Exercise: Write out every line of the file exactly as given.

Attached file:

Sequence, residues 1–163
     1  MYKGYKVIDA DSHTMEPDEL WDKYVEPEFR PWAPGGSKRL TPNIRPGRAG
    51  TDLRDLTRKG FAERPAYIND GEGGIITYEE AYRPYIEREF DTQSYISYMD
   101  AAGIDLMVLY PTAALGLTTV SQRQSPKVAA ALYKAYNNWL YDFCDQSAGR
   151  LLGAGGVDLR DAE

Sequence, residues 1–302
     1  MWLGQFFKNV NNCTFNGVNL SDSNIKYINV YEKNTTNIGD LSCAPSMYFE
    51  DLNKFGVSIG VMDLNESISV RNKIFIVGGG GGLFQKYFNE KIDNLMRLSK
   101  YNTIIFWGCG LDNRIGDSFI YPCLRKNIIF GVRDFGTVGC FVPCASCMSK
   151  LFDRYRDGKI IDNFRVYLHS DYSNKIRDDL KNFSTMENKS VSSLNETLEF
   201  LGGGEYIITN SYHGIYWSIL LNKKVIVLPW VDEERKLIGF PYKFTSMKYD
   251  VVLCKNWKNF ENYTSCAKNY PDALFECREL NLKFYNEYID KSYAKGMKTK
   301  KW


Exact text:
Sequence, residues 1–163
     1  MYKGYKVIDA DSHTMEPDEL WDKYVEPEFR PWAPGGSKRL TPNIRPGRAG
    51  TDLRDLTRKG FAERPAYIND GEGGIITYEE AYRPYIEREF DTQSYISYMD
   101  AAGIDLMVLY PTAALGLTTV SQRQSPKVAA ALYKAYNNWL YDFCDQSAGR
   151  LLGAGGVDLR DAE

Sequence, residues 1–302
     1  MWLGQFFKNV NNCTFNGVNL SDSNIKYINV YEKNTTNIGD LSCAPSMYFE
    51  DLNKFGVSIG VMDLNESISV RNKIFIVGGG GGLFQKYFNE KIDNLMRLSK
   101  YNTIIFWGCG LDNRIGDSFI YPCLRKNIIF GVRDFGTVGC FVPCASCMSK
   151  LFDRYRDGKI IDNFRVYLHS DYSNKIRDDL KNFSTMENKS VSSLNETLEF
   201  LGGGEYIITN SYHGIYWSIL LNKKVIVLPW VDEERKLIGF PYKFTSMKYD
   251  VVLCKNWKNF ENYTSCAKNY PDALFECREL NLKFYNEYID KSYAKGMKTK
   301  KW